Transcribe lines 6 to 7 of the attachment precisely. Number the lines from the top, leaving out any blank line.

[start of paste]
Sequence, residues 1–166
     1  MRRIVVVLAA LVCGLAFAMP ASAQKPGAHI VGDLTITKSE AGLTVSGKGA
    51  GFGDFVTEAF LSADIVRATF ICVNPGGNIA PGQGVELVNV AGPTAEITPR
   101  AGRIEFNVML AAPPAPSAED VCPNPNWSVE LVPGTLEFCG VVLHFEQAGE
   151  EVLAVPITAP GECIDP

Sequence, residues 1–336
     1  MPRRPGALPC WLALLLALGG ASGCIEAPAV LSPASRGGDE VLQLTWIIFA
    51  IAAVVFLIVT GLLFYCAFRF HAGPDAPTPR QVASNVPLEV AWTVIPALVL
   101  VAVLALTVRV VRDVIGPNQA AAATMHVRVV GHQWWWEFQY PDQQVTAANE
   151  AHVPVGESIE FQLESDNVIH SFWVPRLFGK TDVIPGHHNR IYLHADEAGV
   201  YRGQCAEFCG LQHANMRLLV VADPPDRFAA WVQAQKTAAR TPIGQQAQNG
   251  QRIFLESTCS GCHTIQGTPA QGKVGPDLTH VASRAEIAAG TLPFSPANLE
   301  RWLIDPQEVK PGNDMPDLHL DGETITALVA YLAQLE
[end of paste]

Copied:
Sequence, residues 1–336
     1  MPRRPGALPC WLALLLALGG ASGCIEAPAV LSPASRGGDE VLQLTWIIFA